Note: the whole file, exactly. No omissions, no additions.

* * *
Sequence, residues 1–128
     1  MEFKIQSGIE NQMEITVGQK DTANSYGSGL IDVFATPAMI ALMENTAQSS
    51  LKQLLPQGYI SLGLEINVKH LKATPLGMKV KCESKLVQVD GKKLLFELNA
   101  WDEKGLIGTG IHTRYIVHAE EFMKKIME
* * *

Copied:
Sequence, residues 1–128
     1  MEFKIQSGIE NQMEITVGQK DTANSYGSGL IDVFATPAMI ALMENTAQSS
    51  LKQLLPQGYI SLGLEINVKH LKATPLGMKV KCESKLVQVD GKKLLFELNA
   101  WDEKGLIGTG IHTRYIVHAE EFMKKIME